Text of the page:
Writing for Your Audience

Posted on 09 September 2011

This Tuesday, Sept. 13, I’ll discuss “Writing for Your Audience” at a meeting for the Women Business Owners Network (WBON) Lorain County. I’ll share some tips I’ve picked up along the way during my years working as a copywriter, editor, communications specialist, and freelance writer.

WBON is a group of female business owners who meet twice a month to exchange ideas and to network. The event is free and will be held at 6pm on Sept. 13 at the Amherst, Ohio Panera Bread located at 7560 Oak Point Road. Any woman is invited to attend, so if you’re in the area and would like to come, do join us. Please RSVP to Karen Cheshire at info@jrmovers.net.

Please note that while I have no plans to illustrate my points by blurting out embarrassing personal or professional stories, it is me, after all. We’ll see what happens.

What’s your biggest public speaking nightmare?

Photo: garretkeogh


11 responses to Writing for Your Audience

  • Averil Dean says:

    Any public speaking, period. You’ve never seen such a mess.

    • Averil, I actually thought of you when I was writing this post because I remember you mentioning how you despise any sort of public speaking. Some day, I’d like to study someone who actually thrives off public appearances and find out exactly what is wrong (right?) with them.

  • lisahgolden says:

    I so wish I lived near you. I’d be a rapt audience.

    Public speaking? My worst nightmares were having to do it while hungover. That seems like another lifetime ago.

  • In some of my former PR positions, I had to do a lot of public speaking. Never enjoyed it, but I got used to it and managed OK. Since it’s no longer part of my job, I’ve developed a fear all over again–in fact, I’m more terrified than EVER. Hot flashes, sweaty palms, stuttering.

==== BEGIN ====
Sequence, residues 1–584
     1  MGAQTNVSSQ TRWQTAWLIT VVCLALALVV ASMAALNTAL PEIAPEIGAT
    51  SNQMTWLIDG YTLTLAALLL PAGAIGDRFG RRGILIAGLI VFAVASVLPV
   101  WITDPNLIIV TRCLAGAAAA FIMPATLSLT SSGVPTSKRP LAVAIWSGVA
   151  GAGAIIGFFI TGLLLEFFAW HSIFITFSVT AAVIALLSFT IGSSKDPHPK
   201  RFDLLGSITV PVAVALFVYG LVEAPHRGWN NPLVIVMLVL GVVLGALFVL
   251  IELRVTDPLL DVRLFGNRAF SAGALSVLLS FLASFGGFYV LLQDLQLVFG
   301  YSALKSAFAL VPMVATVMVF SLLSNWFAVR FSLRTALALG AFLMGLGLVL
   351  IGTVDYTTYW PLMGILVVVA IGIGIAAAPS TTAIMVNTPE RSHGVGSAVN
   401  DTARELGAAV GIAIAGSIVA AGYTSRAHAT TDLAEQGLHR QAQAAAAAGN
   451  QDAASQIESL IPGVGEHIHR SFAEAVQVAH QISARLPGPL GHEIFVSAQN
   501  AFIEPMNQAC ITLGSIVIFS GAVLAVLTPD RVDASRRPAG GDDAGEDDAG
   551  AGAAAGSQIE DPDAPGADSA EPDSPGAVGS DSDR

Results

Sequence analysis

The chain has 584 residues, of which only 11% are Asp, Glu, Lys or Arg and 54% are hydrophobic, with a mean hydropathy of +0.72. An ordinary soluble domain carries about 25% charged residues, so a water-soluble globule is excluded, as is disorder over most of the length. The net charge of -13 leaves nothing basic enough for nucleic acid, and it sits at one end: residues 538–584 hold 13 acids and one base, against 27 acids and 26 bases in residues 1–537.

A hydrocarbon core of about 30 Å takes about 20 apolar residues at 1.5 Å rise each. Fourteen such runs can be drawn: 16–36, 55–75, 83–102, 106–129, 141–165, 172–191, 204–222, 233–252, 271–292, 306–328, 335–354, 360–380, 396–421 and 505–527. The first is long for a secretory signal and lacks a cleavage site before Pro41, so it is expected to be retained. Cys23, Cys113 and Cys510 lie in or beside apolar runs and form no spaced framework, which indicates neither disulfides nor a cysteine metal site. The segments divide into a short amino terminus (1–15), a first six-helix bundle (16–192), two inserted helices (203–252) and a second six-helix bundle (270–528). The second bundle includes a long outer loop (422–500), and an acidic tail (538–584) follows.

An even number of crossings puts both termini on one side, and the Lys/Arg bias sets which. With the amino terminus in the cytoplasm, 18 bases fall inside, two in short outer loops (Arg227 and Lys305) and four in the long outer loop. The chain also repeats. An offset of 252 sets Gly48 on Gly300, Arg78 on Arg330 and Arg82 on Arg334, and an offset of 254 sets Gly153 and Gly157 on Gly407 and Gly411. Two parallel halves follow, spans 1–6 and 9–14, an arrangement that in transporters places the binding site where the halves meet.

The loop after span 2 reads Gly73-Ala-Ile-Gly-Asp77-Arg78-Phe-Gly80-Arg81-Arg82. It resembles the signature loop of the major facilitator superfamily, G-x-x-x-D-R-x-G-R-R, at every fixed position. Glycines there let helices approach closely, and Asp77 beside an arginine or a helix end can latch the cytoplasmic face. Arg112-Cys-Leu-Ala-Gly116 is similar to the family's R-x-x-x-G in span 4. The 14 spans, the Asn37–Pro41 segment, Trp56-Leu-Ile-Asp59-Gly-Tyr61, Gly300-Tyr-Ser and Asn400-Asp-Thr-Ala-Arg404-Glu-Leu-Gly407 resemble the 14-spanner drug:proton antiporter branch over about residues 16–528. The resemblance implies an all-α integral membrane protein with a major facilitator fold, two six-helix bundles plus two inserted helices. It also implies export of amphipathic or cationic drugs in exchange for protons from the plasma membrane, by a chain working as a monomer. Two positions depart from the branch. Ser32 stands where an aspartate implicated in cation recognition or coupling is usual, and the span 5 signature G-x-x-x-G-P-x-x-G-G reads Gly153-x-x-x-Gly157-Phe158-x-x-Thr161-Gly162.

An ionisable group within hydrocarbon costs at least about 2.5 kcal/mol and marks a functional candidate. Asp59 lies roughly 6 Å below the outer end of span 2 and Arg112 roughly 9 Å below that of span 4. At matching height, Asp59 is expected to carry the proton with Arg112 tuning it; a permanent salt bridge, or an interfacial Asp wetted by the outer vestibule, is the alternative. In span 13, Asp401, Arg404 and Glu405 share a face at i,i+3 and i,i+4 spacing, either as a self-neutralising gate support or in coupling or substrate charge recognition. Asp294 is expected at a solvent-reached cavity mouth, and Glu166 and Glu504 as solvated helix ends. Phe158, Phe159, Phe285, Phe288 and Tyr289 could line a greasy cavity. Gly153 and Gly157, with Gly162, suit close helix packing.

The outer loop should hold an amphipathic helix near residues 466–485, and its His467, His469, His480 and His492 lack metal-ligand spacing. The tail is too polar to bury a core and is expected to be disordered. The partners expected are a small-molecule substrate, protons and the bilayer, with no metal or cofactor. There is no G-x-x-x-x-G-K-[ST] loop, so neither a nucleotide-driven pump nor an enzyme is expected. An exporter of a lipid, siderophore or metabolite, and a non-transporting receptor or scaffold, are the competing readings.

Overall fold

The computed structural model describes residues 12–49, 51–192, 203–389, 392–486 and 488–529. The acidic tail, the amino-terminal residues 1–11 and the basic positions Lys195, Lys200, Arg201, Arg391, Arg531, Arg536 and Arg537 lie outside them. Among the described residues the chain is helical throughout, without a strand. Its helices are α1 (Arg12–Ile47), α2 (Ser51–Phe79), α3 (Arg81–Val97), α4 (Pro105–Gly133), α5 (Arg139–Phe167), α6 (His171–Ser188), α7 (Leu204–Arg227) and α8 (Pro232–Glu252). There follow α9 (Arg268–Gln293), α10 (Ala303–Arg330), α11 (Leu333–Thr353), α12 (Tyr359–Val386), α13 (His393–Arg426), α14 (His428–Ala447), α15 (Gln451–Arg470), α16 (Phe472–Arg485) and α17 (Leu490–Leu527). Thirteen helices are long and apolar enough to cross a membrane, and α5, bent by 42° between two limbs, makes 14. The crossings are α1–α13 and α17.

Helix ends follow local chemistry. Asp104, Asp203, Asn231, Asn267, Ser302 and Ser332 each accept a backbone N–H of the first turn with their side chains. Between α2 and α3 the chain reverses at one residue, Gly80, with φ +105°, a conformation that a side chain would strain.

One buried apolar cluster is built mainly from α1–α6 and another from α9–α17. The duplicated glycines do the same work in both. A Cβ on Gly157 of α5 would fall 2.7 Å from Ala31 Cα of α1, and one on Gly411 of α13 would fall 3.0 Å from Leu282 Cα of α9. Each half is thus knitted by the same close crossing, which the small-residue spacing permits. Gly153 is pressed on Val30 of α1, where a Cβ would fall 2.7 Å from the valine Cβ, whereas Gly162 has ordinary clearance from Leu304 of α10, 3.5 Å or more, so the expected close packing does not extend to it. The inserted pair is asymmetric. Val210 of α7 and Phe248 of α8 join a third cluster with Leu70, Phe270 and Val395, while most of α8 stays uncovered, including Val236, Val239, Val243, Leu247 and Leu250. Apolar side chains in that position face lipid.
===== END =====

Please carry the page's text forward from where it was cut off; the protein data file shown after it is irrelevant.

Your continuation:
Public speaking nightmare? Isn’t that redundant?

    • I took a special speech and communications class in high school, where we were assured that all this practice would eradicate our public speaking fears and give us confidence. I think it somehow made it WORSE for me. Yech.

  • Teri says:

    Coming up completely blank. Or overpracticing to the point where I mix up all the words and none of it makes a lick of sense. Sweating through my blouse. Tripping. Fainting from standing too stiff. Trying to be funny and not being the least bit. Stuttering. Mispronouncing words, like saying ‘sex’ instead of ‘six’ or ‘penis’ instead of ‘pieces’. Seeing bored faces. Watching people check their Blackberries or surf the net on their iPads (and then making fun of those people in a failed attempt at humor). Having a car alarm go off in the distance and not shut off.

    I have to stop now. I think I need a cigarette.

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